If you are about to travel to Italy, you will love this section of the blog. You will find information about different destinations, itinerary ideas and data that will help you organize your trip to the Bel Paese and enjoy it without haste.
You’ve decided to travel to Italy and now it’s difficult to choose the places to visit. Or rather, which ones to leave for your next trip. Italy is divided into 20 regions, each one is a world of its own. Not only historically and politically speaking, but they have different traditions. That’s why one of the options to organize a trip to Italy is to dedicate yourself to discover a particular region. I’m telling you that you will have to leave some things for your next trip. But who’s complaining, right?
I am one of those who believe that gastronomy is a fundamental part of the trip. Through flavors we can learn about the history, traditions and culture of a country. In every corner you visit in Italy you will find a gastronomic world to discover. In this section of the blog I will tell you which are the typical dishes you have to try and, in addition, I will share with you alternatives where to taste them.
See 3 more
My first contact with Italy was in 1994 and in 2008 through two organized trips with a very similar itinerary. Here you can read my travel diaries and first impressions. We visited the following cities:
One of the best ways to get to know the country is to drive along its roads. Italy has a large network of freeways and most of the secondary roads are in an acceptable condition. Speed limits are 50 km/h in town, 90 km/h on secondary roads, 110 km/h on main roads and 130 km/h on freeways. However, be careful how Italians drive! They don’t usually look through the rear-view mirrors and don’t usually respect the safety distances.
The train is also a very good way to get to know the country. It is recommended to book in advance and online to get interesting discounts through the official website Italiarail. There are also special fares for senior citizens and children under 26. There are many direct services and sleeping cars that connect the main cities without the need to change trains.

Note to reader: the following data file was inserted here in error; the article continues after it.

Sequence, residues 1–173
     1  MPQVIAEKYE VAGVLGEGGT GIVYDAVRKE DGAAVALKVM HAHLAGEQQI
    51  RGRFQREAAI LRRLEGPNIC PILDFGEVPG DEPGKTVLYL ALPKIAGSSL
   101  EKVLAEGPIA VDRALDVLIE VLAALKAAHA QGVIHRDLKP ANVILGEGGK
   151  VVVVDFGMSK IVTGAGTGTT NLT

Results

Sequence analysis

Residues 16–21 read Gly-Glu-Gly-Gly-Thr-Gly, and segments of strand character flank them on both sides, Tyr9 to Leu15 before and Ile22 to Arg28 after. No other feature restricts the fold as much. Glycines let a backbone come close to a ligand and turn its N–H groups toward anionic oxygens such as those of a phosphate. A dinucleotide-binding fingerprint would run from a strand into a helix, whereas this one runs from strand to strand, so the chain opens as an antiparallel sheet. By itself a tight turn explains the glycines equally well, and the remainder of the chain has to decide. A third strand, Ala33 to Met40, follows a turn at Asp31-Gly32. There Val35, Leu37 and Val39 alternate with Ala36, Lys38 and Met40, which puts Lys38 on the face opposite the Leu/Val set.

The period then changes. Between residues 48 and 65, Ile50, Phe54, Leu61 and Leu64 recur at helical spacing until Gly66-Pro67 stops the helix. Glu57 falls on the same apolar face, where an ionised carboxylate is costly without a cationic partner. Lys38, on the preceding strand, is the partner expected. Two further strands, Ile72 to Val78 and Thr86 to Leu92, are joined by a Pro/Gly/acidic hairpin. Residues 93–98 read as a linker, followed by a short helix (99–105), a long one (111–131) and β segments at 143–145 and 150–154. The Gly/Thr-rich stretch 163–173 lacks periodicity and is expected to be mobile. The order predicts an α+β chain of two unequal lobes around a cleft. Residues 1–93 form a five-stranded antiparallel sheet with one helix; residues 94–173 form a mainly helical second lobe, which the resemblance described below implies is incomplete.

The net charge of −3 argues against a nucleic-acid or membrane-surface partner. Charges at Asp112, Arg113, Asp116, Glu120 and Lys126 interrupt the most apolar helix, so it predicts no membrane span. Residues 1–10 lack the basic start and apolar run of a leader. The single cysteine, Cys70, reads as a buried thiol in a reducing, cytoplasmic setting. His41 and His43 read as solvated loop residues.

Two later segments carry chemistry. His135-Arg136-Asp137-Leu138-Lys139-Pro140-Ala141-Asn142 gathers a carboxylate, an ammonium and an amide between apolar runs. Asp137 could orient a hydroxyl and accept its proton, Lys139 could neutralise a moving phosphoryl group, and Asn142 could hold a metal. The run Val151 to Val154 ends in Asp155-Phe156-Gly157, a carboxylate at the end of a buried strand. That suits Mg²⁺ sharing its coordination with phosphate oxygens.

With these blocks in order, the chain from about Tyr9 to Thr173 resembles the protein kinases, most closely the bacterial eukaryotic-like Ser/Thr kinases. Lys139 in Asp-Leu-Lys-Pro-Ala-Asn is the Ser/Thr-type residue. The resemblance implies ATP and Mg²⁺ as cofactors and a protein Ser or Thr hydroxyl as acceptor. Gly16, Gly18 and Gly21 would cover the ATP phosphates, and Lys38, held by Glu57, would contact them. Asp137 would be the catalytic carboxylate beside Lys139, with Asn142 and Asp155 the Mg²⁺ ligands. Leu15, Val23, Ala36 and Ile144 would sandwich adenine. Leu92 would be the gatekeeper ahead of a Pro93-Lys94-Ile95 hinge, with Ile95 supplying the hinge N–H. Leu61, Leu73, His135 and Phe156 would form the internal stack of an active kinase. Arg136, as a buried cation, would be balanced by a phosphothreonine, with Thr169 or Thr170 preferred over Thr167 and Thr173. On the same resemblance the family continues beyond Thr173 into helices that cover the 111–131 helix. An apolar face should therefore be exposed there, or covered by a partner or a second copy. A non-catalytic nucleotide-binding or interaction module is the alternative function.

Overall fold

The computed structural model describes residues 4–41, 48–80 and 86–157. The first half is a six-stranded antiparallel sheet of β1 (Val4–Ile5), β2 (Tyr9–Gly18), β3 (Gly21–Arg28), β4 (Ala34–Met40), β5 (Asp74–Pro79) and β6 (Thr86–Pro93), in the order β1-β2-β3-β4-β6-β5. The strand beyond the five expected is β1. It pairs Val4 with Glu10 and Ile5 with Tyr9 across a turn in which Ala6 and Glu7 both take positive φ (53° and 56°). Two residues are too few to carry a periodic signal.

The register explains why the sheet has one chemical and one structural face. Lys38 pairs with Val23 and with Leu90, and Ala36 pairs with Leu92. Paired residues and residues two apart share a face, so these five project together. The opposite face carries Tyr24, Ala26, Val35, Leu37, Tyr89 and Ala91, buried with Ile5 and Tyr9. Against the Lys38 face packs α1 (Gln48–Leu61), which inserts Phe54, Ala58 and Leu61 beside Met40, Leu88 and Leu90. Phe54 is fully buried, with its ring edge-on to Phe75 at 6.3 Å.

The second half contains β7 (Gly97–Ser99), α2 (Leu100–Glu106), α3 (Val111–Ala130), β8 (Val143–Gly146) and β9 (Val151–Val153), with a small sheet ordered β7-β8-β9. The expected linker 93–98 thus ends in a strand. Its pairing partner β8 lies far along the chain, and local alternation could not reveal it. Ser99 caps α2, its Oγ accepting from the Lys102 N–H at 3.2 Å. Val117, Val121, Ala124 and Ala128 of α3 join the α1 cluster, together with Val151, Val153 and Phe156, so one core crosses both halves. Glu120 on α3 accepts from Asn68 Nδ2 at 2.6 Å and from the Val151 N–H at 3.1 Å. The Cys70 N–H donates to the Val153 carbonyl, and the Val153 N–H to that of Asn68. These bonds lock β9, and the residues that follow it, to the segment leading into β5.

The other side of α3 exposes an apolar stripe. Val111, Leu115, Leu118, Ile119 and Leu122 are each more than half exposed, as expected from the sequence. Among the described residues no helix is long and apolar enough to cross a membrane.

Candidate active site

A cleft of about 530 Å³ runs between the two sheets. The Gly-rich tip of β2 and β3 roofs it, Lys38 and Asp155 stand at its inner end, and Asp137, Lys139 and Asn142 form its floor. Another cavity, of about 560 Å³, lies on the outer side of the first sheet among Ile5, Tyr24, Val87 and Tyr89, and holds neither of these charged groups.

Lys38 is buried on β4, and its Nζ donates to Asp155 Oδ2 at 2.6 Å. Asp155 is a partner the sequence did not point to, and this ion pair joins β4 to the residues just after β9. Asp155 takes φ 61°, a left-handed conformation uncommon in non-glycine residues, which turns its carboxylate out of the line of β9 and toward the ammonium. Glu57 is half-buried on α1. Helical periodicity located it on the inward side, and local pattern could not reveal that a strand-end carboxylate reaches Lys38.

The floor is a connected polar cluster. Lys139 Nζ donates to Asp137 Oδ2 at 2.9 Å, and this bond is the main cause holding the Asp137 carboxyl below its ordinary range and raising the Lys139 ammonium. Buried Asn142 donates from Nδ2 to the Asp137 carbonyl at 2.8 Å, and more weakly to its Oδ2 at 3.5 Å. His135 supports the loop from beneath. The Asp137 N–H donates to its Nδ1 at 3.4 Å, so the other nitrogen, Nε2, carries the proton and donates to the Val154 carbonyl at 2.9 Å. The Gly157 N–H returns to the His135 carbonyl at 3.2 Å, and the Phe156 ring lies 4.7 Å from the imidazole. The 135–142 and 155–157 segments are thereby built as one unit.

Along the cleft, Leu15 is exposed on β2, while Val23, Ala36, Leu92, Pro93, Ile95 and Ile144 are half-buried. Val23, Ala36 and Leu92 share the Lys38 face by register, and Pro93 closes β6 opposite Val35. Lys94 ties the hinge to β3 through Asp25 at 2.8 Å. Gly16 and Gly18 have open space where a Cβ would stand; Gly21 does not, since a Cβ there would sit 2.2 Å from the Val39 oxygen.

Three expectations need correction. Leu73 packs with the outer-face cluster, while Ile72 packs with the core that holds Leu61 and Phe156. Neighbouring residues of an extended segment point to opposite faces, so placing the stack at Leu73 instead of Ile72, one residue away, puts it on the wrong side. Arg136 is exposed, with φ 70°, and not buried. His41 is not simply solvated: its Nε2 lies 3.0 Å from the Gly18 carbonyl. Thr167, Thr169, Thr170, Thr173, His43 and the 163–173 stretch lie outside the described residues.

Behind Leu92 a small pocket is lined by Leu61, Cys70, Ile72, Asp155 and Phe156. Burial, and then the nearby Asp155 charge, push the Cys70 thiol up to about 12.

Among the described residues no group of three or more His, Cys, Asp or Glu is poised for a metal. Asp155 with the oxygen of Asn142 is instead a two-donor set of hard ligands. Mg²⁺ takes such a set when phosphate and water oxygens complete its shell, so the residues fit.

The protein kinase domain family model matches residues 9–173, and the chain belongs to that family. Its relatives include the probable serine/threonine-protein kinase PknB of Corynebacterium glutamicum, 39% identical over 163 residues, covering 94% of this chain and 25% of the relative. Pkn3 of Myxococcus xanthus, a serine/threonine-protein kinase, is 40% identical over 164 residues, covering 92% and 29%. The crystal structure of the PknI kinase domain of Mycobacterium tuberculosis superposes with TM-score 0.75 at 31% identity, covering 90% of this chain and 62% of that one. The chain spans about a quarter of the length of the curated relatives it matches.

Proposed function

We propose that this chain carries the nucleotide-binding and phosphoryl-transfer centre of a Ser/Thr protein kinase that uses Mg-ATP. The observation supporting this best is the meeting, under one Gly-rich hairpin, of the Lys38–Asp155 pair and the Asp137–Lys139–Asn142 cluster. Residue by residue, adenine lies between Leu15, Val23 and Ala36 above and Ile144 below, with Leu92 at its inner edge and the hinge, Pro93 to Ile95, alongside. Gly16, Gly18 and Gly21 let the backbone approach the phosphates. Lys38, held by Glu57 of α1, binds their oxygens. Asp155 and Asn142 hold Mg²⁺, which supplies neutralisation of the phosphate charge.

Tower of Pisa
The information shown on this page is based on historical averages and may not reflect current conditions. Check with local authorities for the latest travel recommendations.
One celebration stands out above all others in February, and that is Carnival. Although many towns hold these pre-Lenten celebrations, Venice’s festival is by far the most famous. The floating city is transformed into an open-air theater, filled with elaborate masks, stylized capes and lavish carnival balls with food and entertainment. Other notable carnivals are held in Viareggio, Verona and Ivrea, where there is a huge food war known as The Battle of the Oranges If you prefer not to play with your food, head to the Umbria region to the town of Nursia to sample the prized tartufo nero (black truffle).
Numerous festivals are held in April, from Milan’s Salone Internazionale del Mobile, which showcases eye-catching furniture, to the start of Florence’s Maggio Musicale Fiorentino, which fills the city with theatrical and musical performances. Verona has its annual Vinitaly wine and spirits exhibition, with tastings, workshops and book readings. April 25 brings a double dose of celebrations, as the whole country celebrates Liberation Day and Venice celebrates a big feast in honor of St. Mark, the city’s patron saint.
What to visit in Italy in 5 days
I already told you in my article on what to see in Italy in 30 days, many of these places, but this time I will focus on the most interesting regions. So, you will not necessarily have to make a long route, but I give you the option to make short trips to its different regions.
It’s close, it’s spectacular and you’ll be able to see it better than ever, without the hordes of tourists that usually make it more difficult to visit. While they still keep the borders closed with other non-EU countries, it is the best way to get close and see the best places to visit in Italy.
Beyond the must-sees like St. Mark’s Basilica or the Rialto Bridge, I recommend you to wander around Venice. Moving away from this area, where there are always people, you will find other equally beautiful, full of bridges, canals and historic buildings, but completely empty.
Emilia Romagna unjustly goes unnoticed as it is located between Veneto and Tuscany, two of the most touristic regions in Italy. However, it is another truly amazing region for a getaway.